“I do see some damages from using [miswak], because it’s not going in between the teeth well, and I see a lot of stains on teeth,” she said. “That can also be a fluoride issue,” she added, because tap water in some places isn’t properly supplemented with fluoride.

Another potential concern about using twigs, she said, is that bacteria can grow more easily on organic material. They’re also not easy to sanitize. Miswak twigs at Minneapolis’ Karmel Mall are sold in plastic packaging with directions to rinse and store the sticks in the wrapper in a cool, dry place. 

“I encourage my patients to have an electric toothbrush,” Kim said, adding that these implements are more efficient than manual brushes.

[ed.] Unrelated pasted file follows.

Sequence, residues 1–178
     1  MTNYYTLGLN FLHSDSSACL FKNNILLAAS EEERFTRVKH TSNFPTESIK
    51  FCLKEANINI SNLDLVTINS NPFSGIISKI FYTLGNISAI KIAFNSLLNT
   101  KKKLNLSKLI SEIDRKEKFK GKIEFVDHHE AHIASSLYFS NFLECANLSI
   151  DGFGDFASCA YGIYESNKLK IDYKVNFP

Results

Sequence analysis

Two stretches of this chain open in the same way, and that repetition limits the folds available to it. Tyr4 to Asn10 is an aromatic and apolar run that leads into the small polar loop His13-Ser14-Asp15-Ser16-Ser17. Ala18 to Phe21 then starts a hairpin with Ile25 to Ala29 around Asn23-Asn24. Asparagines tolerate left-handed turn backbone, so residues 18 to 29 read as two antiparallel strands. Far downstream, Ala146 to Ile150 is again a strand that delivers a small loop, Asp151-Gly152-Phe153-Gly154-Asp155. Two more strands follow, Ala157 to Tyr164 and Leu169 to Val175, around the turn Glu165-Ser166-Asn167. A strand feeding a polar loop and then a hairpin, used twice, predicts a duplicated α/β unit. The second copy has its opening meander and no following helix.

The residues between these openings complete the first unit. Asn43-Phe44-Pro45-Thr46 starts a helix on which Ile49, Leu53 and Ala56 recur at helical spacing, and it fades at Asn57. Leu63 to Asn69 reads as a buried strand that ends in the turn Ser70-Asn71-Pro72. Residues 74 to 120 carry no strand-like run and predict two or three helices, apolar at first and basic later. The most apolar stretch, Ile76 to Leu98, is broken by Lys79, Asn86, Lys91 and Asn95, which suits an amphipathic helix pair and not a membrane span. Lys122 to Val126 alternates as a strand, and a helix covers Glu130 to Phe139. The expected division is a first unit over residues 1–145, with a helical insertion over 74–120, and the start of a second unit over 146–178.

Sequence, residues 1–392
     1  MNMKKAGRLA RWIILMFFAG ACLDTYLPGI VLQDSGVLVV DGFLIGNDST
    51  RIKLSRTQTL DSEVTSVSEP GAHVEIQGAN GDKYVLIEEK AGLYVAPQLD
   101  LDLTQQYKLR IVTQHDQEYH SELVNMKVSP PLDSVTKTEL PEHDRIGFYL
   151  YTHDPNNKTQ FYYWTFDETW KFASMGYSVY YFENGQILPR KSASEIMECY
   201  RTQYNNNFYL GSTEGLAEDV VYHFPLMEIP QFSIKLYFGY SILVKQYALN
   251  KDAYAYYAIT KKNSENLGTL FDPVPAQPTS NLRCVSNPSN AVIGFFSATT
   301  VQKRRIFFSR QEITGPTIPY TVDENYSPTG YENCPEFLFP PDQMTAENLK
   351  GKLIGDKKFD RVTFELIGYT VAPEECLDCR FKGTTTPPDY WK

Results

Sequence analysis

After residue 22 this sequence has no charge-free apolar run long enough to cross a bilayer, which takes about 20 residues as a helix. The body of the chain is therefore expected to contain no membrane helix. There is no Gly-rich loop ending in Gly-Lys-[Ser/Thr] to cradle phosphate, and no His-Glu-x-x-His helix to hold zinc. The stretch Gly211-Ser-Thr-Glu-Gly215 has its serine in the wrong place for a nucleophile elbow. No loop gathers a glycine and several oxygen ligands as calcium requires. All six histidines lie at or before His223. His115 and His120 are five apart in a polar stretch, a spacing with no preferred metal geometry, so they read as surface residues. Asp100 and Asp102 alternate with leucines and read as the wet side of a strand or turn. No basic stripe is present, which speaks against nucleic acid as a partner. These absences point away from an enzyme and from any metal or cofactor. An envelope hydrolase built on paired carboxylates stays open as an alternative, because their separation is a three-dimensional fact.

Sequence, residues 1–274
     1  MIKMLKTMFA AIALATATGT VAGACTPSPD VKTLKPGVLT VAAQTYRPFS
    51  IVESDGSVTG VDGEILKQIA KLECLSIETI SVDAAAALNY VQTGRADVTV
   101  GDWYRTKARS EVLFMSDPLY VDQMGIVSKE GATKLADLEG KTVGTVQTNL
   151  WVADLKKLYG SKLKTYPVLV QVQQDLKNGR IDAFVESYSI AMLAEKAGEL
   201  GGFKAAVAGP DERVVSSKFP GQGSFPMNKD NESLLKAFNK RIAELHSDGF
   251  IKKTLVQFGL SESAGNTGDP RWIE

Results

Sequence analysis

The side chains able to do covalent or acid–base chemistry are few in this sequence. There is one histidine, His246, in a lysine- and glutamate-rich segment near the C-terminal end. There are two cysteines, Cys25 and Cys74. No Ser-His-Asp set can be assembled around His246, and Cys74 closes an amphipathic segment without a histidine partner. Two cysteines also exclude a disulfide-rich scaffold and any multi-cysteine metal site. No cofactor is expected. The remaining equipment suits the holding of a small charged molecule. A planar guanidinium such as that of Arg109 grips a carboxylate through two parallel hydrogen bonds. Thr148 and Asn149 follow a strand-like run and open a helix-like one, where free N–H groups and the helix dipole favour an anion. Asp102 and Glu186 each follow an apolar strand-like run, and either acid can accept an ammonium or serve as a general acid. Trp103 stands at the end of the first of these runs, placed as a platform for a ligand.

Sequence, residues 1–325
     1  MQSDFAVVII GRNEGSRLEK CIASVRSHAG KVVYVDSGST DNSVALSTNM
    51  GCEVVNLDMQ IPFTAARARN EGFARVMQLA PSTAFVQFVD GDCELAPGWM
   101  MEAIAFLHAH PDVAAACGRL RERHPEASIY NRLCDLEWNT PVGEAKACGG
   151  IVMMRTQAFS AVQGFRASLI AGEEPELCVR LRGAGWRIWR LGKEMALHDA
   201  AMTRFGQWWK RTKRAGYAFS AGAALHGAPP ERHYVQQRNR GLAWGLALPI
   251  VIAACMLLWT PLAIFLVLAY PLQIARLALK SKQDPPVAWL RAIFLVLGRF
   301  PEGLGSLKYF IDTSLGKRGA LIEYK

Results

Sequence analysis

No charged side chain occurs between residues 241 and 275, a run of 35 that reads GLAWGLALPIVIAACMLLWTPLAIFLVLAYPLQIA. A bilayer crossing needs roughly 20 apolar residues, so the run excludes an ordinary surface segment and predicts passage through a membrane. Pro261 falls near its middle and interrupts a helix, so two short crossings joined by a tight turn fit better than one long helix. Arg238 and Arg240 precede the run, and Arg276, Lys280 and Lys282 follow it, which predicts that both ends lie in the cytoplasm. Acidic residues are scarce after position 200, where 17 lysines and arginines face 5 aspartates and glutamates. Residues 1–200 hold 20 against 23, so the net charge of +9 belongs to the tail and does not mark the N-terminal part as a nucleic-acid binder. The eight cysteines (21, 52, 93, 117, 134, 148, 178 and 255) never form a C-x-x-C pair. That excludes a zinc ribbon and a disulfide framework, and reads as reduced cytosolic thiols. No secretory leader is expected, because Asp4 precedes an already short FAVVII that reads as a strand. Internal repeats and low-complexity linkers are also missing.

A bamboo brush like Twiggy Fresh, and especially the line’s electric option, Kim said, “is a totally nice” idea. “It takes everybody’s efforts to keep the earth clean and nice for the next generation,” she said. “But whatever toothbrush you have, if you don’t use it well, it doesn’t work! Learn the technique on how to use it well, and brush at least twice a day.” 

Kim brushes three times a day.

Umar no longer uses solely a miswak twig. He’s lucky, he said, to choose among miswak and various Twiggy Fresh brushes each time he brushes. His three kids? They’re intrigued by miswak, but use Twiggy Fresh brushes.

Sheila Mulrooney Eldred writes stories about health equity for Sahan Journal. As a freelance journalist, she has written for The New York Times, the Washington Post, FiveThirtyEight, NPR, STAT News and...